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If Not the Whole Truth
In the new upcoming Claire Arbogast novel, a young woman struggles to ferret out her place in the counterculture of the late 1960s era only to find in 2022 America that everything she holds dear, even her own life, is in jeopardy.
Connie Borders sees the changes coming down in 1969 and refuses to let them pass her by. Rejecting her parents’ outdated lifestyle and the narrow, whitebread path prescribed for her, Connie leaves Indianapolis for California to stop the Vietnam War and reshape the country into the Woodstock Nation. Her course veers when Carlos, an older university student who is a first-generation, Black Puerto Rican American, persuades her that radical Chicago is where it’s at.
During a whirlwind of protests and an acid-laced rock concert, electricity runs between Connie and Carlos. But when she witnesses a shooting in the wake of Black Panther Fred Hampton’s murder, she is forced to leave Chicago. From the Midwest to Berkeley and back, Connie goes on a freewheeling search for her place in the fractured movement and its unexpected pressures to conform. She navigates the complexities of friendship and family, of unwanted pregnancy and illegal abortion, and of cultural and political divides while untangling her desire for Carlos and his hardcore passion for Puerto Rican independence. Relying on inspiration from the writings of birth control advocate Margaret Sanger as a positive female revolutionary role model, Connie learns she must trust her instincts to seek out the whole story—which may not be the whole truth—as she defines who she is, what she thinks, and what happens to her body. Fifty years later, when Connie is a pro-choice activist in Chicago, her questioned convictions put her in grave danger.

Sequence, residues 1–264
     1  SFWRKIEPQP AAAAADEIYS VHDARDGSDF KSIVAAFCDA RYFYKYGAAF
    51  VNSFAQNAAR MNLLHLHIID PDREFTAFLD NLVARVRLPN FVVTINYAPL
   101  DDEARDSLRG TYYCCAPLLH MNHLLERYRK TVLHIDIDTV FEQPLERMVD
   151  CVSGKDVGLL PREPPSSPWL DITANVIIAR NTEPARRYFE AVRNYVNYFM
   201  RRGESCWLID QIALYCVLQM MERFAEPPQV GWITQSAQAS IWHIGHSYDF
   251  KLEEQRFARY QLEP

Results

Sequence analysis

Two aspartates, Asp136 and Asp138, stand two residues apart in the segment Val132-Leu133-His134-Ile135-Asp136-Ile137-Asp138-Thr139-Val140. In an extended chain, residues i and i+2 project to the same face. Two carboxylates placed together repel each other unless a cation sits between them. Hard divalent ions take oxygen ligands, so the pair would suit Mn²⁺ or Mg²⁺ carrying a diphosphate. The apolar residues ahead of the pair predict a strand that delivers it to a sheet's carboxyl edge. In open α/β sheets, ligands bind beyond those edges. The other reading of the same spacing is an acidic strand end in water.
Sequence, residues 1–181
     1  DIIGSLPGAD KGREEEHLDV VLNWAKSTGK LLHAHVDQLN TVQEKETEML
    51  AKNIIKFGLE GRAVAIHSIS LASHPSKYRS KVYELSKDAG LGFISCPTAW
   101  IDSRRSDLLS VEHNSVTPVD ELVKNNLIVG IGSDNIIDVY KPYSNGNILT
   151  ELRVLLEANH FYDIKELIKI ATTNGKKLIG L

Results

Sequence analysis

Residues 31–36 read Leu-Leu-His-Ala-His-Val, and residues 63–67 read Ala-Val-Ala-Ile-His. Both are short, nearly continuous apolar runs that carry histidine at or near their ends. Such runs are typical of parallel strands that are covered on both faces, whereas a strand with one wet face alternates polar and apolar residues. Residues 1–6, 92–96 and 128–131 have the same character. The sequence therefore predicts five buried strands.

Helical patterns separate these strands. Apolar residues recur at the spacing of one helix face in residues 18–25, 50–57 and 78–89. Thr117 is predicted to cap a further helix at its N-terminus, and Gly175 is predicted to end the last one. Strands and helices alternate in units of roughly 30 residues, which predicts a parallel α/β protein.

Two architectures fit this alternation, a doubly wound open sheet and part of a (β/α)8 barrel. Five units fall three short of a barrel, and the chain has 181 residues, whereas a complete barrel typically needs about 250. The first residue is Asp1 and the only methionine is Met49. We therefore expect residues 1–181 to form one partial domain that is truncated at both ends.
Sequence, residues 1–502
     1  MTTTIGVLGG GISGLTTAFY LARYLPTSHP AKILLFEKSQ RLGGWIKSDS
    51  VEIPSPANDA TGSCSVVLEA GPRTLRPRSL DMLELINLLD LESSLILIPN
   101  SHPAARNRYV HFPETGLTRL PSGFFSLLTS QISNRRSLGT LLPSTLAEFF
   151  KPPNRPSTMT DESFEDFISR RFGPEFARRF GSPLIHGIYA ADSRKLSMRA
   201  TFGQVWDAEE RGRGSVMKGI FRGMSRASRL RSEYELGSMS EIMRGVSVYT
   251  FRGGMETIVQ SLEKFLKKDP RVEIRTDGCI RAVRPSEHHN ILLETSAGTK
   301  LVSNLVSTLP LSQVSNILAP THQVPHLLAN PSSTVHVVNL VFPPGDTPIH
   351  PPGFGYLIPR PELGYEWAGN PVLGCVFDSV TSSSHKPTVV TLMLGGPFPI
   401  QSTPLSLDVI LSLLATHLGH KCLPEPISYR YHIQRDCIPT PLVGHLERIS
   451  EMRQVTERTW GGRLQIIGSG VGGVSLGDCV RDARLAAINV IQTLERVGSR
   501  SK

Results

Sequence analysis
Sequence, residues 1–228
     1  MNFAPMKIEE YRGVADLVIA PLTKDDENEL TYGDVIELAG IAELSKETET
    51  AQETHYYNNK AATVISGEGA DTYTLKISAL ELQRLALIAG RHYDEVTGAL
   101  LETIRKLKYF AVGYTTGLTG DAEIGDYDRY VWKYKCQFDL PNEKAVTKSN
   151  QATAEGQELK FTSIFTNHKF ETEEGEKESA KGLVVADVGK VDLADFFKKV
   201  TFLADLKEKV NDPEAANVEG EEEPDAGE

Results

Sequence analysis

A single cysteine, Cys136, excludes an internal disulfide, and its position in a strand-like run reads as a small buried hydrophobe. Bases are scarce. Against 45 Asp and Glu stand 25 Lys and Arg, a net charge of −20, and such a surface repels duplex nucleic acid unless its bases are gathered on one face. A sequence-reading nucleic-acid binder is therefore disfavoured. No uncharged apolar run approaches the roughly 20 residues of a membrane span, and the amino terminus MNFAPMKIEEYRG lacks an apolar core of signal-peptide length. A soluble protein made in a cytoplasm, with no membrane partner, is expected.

Arbogast's book slices through the complex underpinnings of today’s fight for a woman’s right to make her own decisions about her body, making the topic accessible. In addition, If Not the Whole Truth is a new look at the 1960s era, both in its linear connection to today’s social unrest and the telling oft-overlooked history of the Young Lords of Chicago and their role in the push for Puerto Rican independence and the fight against gentrification, police brutality, and racism in Chicago.
We think life changes, but does it really? The core of this book illuminates how the basic struggle for power versus equity rolls over again and again. So caught up in the arrogance of each era and generation, we hardly notice that the tune to which we dance to is on repeat. Maybe with a different rhythm, or some reverb, but it’s the same. And if we don’t understand how each moment is tied to the past, tied to our basic flaws as humans, we have no possible hope of moving ahead.